A Brief History of the Tombstone and Other Burial Practices
Updated: Jan 19
Funerals and burials are a very important part of British life and an intrinsic part of our society. As the centuries have passed by, we now thankfully live longer, healthier and fuller lives than our previous ancestors did. However, one thing does remain and that is that the loss of a loved one is heartbreaking. How we mourn and grieve in the immediate aftermath of death remains a central part of how we move on with our lives, from one generation to the next.
We’ve come a long way in the UK in terms of funeral traditions. From the pre-Christian Celts who believed in reincarnation filling their graves with items required for the next life to our modern-day more science-based knowledge of the process of death. However, various customs and traditions have continued through the ages. In this blog, we explore some of the key aspects of UK funerals, where they come from and how they’ve changed over time.
Funeral Rites are as old as the human race. All cultures in some form abide by the proper care of the dead. Every human culture ever studied has three common threads for death and the disposition of their deceased:
● Some type of ceremony, funeral rite, or ritual
● A sacred place for the deceased
● Memorials for the deceased
In the UK it is a tradition for families to announce death to the community by way of a death notice usually published in the local news publication, and include details of the funeral.
Coming from the Latin word obit which translates to “death”, published death announcements have origins as early as the 16th century in America. But it would be 300 years prior to the British made longer obituaries standard. There was a time in the early 1800s when it was highly popular to write in poetic verse. They were often reserved for people of social prominence, such as soldiers or public servants. Moreover, the 20th century saw the rise of the “common man” obituary when the deaths and funeral details of everyone in the community would be frequently published, giving them equal status - in death at least - as members of the local aristocracy.
In modern society, we now often see social media networks such as Facebook providing the option for a named individual to control of your profile after passing away, turning it into a public memorial page to list funeral details and accept messages from well-wishers.
The tombstone appears as a large stone with someone’s name and their birth date and death date on it that is put over the location where they are laid to rest.
Origin and usage
The word tombstone is a mixture of the word ‘tomb’, from the Greek word ‘tymbos’ translating as ‘burial mound’, and ‘stone’, from the Greek word ‘stia’ meaning ‘pebble’. The use of the word tombstone was first used in English around 1560, when it was used to describe the lid of a stone coffin. Its meaning as a grave marker is from 1711.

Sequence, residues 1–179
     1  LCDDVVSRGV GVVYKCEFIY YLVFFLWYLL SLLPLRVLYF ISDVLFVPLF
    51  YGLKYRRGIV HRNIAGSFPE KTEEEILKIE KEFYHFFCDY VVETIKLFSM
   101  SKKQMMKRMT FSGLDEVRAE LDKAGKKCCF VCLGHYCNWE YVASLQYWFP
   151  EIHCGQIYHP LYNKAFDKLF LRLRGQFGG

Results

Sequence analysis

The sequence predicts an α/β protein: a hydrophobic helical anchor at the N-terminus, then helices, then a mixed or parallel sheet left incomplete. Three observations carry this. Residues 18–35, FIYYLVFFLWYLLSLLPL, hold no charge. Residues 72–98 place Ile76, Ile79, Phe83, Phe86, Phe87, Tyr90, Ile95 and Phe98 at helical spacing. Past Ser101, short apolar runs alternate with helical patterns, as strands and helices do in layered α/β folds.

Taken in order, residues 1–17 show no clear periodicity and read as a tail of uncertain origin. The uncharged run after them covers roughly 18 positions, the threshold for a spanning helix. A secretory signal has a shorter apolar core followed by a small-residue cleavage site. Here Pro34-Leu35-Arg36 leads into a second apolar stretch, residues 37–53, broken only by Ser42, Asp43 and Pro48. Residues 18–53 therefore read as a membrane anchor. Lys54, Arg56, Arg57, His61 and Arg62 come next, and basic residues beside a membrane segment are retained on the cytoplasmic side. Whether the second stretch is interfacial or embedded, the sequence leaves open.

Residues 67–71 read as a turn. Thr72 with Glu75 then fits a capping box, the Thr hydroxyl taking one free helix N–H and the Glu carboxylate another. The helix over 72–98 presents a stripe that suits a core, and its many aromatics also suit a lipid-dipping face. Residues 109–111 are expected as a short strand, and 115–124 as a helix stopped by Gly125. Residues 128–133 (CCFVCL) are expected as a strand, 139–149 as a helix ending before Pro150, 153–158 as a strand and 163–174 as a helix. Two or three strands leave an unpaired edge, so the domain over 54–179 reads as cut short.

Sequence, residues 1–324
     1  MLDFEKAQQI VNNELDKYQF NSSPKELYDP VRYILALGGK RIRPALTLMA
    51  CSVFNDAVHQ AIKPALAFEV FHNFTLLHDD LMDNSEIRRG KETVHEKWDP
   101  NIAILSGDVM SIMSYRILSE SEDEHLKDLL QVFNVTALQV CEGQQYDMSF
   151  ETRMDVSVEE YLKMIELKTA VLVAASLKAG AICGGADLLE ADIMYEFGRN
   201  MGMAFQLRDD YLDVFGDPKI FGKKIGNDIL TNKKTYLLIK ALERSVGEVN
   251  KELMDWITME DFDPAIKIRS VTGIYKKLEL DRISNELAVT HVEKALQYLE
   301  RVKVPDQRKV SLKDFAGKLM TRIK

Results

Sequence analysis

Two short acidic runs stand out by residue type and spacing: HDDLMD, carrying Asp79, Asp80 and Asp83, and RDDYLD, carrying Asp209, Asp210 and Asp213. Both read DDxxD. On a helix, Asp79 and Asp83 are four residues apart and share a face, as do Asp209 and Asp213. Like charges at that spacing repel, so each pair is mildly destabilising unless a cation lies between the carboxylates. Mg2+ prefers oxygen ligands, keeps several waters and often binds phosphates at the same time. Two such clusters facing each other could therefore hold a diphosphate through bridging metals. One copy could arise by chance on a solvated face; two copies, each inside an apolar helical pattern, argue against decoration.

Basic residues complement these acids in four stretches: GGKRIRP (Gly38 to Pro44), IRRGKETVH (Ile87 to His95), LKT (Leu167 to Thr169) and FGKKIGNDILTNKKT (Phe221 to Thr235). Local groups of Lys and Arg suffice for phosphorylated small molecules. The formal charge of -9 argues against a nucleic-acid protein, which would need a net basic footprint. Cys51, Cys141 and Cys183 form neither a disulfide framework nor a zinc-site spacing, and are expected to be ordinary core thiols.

The earliest gravestones, like the dolmen, appeared as graves built from stone or stones intended to cover entire graves. These coverings were created as markers for a gravestone as well as to keep the grave's occupants safe in the ground. Over some time, though, the words gravestone and headstone became interchangeable. Today, it’s not common practice to cover whole graves with traditional stone, but the gravestones we use do come in an interesting variety of styles.
Today, gravestones serve as memorial markers for our beloved deceased; as status symbols for those wealthy enough to afford very large or decorative ones; and as ritual symbols in a range of religions. From primitive markers and slabs to cover graves to more decorative styles of art, the humble gravestone has come a very long way over the centuries.
Gravestones as symbols of burial are a UK tradition that goes right back to circa 2,000 BC in the UK, with Stonehenge being one of the most renowned ancient gravesites in the world. Through the plague decades, burials were moved to designate sites outside towns, with the poor using wooden crosses instead of stone. But then again, the tradition of carved headstones dates back to Victorian times.
In many Christian cemeteries, most traditional graves will be found facing west to east (head to feet). This is an old custom which originates all the way back to the sun worshippers of Pagan times, moreover, early Christians also adopted it because they believed this allowed the dead to be facing Christ on the day of Resurrection. In ancient Celtic times, the burning of loved ones was more common.
William Kent Memorials - we can provide you with quality headstones for graves as well as headstone inscriptions
If you require memorial stones and tombstones in Boston, Lincolnshire for your dearly departed, William Kent Memorials Ltd have all of the stonemasonry experience you require. We’re a family-run and totally independent stonemasons with over 200 years worth of experience. Established in 1810, we’ve been helping families find gravestones and tombstones for their loved ones for centuries. To find out more, please get in touch.